India is considering an initial $1 billion worth of investments in electric battery storage across the country with the help of loans drawn from a number of multilateral lenders. The investments are part of a larger plan to build four electric battery manufacturing plants in India at a cost of around $4 billion, reports India financial news site LiveMint. The battery plants will be based on electric vehicle maker Tesla’s Gigafactory in Nevada, United States.
The initial investment will be borrowed from the Asian Development Bank, the Asian Infrastructure Investment Bank, the European Investment Bank, the New Development Bank, and the World Bank. Citing government sources, LiveMint reports that $650 million from this amount will be invested to improve electricity transmission and distribution, while $350 million will be offered as financial incentives to different firms to jumpstart electric battery manufacturing across India.
New Delhi has stepped up investments in clean energy in recent years and is exploring a variety of options to improve the transmission of electricity from solar and wind farms to household consumers. It also plans to reduce pollution and decrease dependence on the import of fossil fuels by encouraging the adoption of electric vehicles. In this regard, it is considering subsidies and tax breaks for EV battery manufacturers as well.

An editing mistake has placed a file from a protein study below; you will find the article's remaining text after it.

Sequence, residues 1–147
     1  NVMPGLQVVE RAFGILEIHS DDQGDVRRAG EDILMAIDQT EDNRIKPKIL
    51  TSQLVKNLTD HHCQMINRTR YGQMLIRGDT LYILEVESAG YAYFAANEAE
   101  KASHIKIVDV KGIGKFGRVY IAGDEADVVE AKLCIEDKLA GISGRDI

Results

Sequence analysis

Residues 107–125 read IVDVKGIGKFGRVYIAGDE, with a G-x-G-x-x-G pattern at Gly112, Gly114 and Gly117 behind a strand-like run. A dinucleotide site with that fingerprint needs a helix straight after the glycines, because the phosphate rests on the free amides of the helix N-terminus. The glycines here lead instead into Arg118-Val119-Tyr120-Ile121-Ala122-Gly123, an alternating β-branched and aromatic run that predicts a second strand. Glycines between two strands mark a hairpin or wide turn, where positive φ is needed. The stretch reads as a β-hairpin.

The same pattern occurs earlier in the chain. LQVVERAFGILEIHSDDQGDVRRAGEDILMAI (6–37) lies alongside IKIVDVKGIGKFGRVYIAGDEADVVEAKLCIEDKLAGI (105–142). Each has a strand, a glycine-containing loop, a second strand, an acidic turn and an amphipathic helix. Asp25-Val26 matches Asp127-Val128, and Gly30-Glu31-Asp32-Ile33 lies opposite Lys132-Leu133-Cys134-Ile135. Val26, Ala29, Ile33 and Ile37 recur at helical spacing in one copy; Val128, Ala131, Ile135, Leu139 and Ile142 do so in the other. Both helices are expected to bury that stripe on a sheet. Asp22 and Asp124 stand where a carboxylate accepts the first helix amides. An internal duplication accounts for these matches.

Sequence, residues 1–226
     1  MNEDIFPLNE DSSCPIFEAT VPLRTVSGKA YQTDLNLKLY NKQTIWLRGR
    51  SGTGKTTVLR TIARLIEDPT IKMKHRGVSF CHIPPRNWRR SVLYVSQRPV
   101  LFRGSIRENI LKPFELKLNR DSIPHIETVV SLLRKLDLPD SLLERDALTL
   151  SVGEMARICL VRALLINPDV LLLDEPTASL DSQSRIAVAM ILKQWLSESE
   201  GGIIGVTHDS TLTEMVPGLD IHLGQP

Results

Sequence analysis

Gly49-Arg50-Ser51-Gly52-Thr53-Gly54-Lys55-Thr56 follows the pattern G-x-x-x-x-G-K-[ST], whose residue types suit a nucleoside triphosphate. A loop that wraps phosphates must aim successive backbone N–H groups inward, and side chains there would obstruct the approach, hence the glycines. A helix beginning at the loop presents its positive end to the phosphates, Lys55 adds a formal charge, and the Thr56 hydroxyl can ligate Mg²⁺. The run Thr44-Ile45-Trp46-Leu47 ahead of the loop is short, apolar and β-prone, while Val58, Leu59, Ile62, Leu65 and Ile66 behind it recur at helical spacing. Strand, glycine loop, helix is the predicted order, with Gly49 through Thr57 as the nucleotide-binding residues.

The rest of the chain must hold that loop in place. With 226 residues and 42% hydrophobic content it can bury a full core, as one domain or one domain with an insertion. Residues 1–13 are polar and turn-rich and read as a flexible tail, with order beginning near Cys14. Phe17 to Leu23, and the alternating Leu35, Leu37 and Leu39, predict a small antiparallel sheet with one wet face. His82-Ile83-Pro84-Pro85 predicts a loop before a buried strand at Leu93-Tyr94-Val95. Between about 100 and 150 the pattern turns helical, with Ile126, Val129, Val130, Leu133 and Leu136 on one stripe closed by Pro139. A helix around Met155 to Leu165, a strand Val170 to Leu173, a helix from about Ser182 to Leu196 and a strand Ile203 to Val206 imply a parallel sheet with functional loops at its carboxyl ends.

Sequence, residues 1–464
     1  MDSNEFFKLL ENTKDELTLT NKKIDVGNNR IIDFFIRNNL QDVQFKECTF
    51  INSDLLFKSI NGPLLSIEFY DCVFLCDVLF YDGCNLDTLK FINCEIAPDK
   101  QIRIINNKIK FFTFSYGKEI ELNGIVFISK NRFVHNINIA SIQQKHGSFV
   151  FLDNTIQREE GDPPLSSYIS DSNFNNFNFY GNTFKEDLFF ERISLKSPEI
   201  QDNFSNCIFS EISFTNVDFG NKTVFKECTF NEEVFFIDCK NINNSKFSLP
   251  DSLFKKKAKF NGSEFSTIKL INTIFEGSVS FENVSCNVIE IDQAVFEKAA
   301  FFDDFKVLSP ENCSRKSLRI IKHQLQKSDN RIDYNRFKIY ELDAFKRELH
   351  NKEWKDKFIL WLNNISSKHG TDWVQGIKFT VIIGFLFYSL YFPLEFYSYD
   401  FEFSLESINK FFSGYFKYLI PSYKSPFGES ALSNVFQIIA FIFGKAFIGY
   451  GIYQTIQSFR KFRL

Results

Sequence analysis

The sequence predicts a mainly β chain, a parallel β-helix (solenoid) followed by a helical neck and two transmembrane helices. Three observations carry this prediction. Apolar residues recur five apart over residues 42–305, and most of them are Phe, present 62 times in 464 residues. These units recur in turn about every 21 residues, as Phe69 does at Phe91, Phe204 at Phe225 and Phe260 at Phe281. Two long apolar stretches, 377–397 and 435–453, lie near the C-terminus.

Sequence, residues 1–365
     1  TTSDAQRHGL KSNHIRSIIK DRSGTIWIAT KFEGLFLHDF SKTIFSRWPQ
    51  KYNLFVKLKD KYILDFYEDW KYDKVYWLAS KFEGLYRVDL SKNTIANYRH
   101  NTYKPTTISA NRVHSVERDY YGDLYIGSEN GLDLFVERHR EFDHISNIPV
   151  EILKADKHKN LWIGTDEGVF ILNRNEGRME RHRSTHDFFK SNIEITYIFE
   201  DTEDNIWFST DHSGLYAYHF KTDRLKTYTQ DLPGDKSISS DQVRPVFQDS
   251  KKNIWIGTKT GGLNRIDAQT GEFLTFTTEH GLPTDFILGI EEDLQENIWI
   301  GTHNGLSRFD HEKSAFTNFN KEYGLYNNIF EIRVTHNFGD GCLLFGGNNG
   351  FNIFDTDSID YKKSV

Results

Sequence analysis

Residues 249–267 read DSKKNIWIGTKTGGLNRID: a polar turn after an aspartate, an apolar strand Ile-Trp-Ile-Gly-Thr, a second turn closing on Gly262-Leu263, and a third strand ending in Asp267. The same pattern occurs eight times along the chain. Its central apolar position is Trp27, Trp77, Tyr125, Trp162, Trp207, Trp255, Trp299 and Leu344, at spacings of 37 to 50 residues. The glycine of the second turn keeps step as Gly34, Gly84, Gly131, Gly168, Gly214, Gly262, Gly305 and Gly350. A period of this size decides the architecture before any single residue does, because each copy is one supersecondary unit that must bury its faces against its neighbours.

India wants to set up four battery making plants with a capacity of 10 gigawatt-hours per year. One gigawatt-hour of battery capacity can power a million homes for one hour and provide the energy to run 30,000 electric cars.
New Delhi estimates that the battery plans can be built at a cost of around $4 billion, significantly less than the $5 billion it took for Tesla to build its 20GWh battery plant in the United States. Tesla is building another Gigafactory in China as well.
For the battery plants in India, New Delhi is prioritizing the manufacture of lithium-ion batteries. In this regard, some Indian firms have already started exploring the acquisition of lithium reserves in South American nations like Argentina, Bolivia, and Chile. This could prove to a risky bet, as India’s geostrategic rival China dominates the lithium market, consuming more than any other country and boasting seven of the top ten lithium-ion EV battery makers in the world.
As India pivots to electric vehicles, New Delhi estimates that the country will need at least 13 electric battery making plants to keep pace with the rising demand within the next decade. Since India does not have enough lithium reserves to supply these plants through a domestic supply chain, and as the electric vehicle industry deals with the fallout of U.S.-China trade tensions, New Delhi would have to find adequate safeguards for its investment in the battery industry against periodic disruptions to raw material supply chains.